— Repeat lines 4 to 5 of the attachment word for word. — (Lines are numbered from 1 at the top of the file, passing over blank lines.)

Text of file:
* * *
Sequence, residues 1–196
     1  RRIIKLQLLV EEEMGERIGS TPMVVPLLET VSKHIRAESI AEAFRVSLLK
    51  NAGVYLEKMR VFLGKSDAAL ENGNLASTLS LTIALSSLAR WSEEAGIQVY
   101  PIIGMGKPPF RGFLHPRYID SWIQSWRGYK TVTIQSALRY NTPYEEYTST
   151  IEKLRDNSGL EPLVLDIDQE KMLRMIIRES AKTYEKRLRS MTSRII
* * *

   101  PIIGMGKPPF RGFLHPRYID SWIQSWRGYK TVTIQSALRY NTPYEEYTST
   151  IEKLRDNSGL EPLVLDIDQE KMLRMIIRES AKTYEKRLRS MTSRII